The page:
Eight-stone mother, 32, who ate only ‘kids’ party food’ diet of ‘Irn Bru and Wotsits’ died of malnutrition due to devastating eating disorder, inquest hears
- Charlotte Broad, 32, suffered fatal malnutrition after eating only ‘snack’ foods
- The mother-of-two died of an devastating eating disorder rejecting any nutrition
- Miss Broad snacked on crisps, poppadoms and prawn crackers, an inquest heard
Charlotte Broad (pictured) died aged 32 after refusing to eat
A mother-of-two died after suffering from an eating disorder which meant she lived for years on a diet consisting only of ‘kids’ party food’, an inquest heard today.
Charlotte Broad suffered fatal malnutrition after eating ‘snack’ food like cheese and onion crisps, poppadom’s and prawn crackers for her entire life, a coroner was told.
Even while pregnant the 32-year-old consumed only ‘Irn Bru and Wotsits’, the inquest heard, and in her last years she had an ‘ambivalence to life’, which meant she ate very little.
Doctors treating Miss Broad – who has two young daughters aged around 11 and six – felt helpless as she refused to eat or even drink, and would constantly vomit, so much so that her throat turned black.
Even after being told she would die if she did not eat, Miss Broad declined, the inquest heard.
Today at Winchester Coroners Court, Hampshire, her heartbroken partner of 10 years Mark Darley said: ‘When we first met she was ok.
‘She ate cheese and onion crisps, poppadoms and prawn crackers and that was it. She never ate anything else.’
Today Winchester Coroners Court (pictured) heard that Miss Broad vomited so much that her throat turned black
During the time Miss Broad, from Winchester, Hampshire, was in hospital in 2019 she told doctors she would regularly drink ‘excessive amounts of fizzy drinks after eating very little’ would then ‘throw up straight away.’
Miss Broad was admitted to the Royal Hampshire County Hospital, in Winchester, Hants, on January 3 2019 after being bed bound for nearly six weeks, before passing away nearly two weeks later on January 18.
She was taken to A and E by an ambulance after her partner finally managed to convince her to go to get treatment.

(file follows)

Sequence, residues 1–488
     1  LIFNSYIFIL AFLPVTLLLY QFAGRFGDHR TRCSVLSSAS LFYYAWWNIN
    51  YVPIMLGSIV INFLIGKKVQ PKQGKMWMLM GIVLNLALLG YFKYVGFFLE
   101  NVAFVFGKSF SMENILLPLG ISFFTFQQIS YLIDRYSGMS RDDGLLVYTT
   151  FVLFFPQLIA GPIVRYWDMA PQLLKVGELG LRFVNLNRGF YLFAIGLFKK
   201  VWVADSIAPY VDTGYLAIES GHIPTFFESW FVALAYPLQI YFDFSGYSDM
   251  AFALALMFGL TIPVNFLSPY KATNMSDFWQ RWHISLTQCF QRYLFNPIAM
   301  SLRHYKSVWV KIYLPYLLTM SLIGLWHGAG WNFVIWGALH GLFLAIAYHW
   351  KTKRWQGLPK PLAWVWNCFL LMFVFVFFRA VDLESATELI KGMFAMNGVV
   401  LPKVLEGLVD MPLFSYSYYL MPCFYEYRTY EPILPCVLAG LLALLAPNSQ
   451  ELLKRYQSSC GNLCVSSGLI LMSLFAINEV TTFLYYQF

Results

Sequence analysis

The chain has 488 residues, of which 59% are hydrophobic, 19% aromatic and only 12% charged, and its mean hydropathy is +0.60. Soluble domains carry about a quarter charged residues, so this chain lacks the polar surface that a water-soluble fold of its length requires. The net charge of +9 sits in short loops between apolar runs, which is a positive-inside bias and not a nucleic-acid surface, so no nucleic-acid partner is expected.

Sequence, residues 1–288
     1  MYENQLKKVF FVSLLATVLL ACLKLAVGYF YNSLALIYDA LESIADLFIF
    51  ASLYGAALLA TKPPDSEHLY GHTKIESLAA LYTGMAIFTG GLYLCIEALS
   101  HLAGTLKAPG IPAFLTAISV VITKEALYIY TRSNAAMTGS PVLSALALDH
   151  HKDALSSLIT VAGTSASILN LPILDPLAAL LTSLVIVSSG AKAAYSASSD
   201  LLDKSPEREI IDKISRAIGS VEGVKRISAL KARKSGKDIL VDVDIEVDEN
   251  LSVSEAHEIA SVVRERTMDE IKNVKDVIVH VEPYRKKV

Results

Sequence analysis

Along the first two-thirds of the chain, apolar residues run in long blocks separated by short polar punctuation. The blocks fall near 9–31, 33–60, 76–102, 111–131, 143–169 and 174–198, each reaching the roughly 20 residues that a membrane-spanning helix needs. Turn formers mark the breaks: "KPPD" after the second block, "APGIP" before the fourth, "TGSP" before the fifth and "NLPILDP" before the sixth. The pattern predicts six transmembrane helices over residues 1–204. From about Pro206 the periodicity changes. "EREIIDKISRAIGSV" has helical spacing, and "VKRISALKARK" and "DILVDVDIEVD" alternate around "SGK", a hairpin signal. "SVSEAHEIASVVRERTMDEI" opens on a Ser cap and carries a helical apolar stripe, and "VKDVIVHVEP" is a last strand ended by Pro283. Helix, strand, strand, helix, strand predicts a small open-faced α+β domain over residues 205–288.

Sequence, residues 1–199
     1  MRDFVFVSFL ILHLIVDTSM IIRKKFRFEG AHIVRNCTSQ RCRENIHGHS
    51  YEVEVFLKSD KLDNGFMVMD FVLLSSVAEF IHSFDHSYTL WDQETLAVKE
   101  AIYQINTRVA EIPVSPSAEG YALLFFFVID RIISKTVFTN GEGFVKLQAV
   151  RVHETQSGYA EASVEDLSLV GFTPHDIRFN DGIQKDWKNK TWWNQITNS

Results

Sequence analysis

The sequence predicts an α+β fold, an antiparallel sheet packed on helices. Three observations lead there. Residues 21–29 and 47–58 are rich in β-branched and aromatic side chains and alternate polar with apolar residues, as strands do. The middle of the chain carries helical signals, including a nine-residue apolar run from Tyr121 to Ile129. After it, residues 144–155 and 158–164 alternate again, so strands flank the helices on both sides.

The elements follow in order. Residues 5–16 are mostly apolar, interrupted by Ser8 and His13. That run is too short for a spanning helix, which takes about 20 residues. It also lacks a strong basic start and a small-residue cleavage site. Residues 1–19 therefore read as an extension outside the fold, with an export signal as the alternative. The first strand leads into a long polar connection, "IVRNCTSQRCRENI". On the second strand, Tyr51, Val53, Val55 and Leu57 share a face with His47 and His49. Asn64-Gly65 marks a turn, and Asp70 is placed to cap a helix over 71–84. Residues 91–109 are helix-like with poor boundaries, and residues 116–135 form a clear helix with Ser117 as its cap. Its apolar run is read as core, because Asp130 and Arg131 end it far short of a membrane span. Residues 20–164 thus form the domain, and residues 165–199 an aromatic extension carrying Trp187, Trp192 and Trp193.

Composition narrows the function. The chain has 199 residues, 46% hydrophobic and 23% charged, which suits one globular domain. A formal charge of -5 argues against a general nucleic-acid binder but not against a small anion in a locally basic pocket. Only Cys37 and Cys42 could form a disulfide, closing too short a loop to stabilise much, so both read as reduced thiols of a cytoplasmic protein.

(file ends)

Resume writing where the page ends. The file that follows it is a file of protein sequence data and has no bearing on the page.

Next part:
When in hospital Miss Broad repeatedly refused food, or would not even receive nutrition via an intravenous drip.
When doctors asked her if she understood what was going to happen if she didn’t eat she responded ‘I’m probably going to die’.
Six days before her death on January 13, Miss Broad said she did not want to be examined anymore and refused to let doctors take blood from her telling them she was sick of being poked and prodded.
The court heard from Miss Broad’s brother, James, who said: ‘She always ate strangely from a young age. She would have chicken nuggets and chips every day.
‘I can’t remember her being called fat at school, I was the larger child. By the time I left home she was still just eating chicken nuggets and chips but never any vegetables.
‘I do believe she should have been sectioned for her mental health. I believe she wanted to die, I don’t know why if I’m honest.’
Mr Broad added: ‘What Charlotte was eating was not what she was feeding her children, it was the polar opposite.’
Acting area Coroner Samantha Marsh explained that eating disorders are very difficult to deal with and said: ‘Ultimately, you can’t tie someone down and force them to eat.
‘Charlotte had a difficult relationship with food. Everyone is in agreement that her diet was incredibly poor, it was almost kids’ party food, the chicken nuggets, the chips, the coke.
‘All of the health problems she was experiencing were secondary to the poor malnutrition. There were multiple attempts by mental health to engage with her.
‘She declined all of those services.
‘I’m satisfied that Charlotte understood that by not eating, she knew what would happen.
‘She simply refused to take on adequate nutrition. I am satisfied that Charlotte was not presenting as someone that needed to be sectioned.’
Mrs Marsh did not give a conclusion of suicide saying Miss Broad did not ‘have intention to take her own life, she had ambivalence to living’.
Giving a narrative conclusion Mrs Marsh said: ‘Charlotte died from malnutrition that was caused by the intentional refusal to take enough food and drink which led to multiple organ failure.’
Miss Broad’s mother, Kate Gibson, said tearfully: ‘I tried to get her to eat more vegetables and I would try and hide it in her food but you can’t force someone to eat.
‘I don’t know if she wanted to die. But I know she would not have wanted to leave her children.
‘She was stubborn, she was cheeky she was caring, she was a loving mum, she was amazing.’
Dr Frank Murphy, who treated Miss Broad at Royal Hampshire County hospital said: ‘Some people commit suicide by jumping off a bridge, and some just stop eating.’
Dr Murphy said: ‘It is very hard. You are looking at a young lady who is dying in front of you and thinking, why is this happening?’
Miss Broad had a history of depression following a stillbirth in 2007.
Although she had two successful pregnancies in 2008 and 2013 she continued to struggle with her eating disorder and in 2011 she was referred by her GP to an eating disorder service.
During her second pregnancy health care staff said her diet consisted almost entirely of ‘Irn Bru and Wotsits’.
At one point she also threatened to jump out of a window if healthcare staff did not induce her baby early at around 36 weeks.
Miss Broad had two daughters, Phoebe, and Lizzie May.
Pathologist Dr Adnan Al-Badri told the court that when she died, Miss Broad was in the early stages of heart failure as a result of long periods of malnutrition.
He gave the cause of death as multiple organ failure secondary to severe malnutrition
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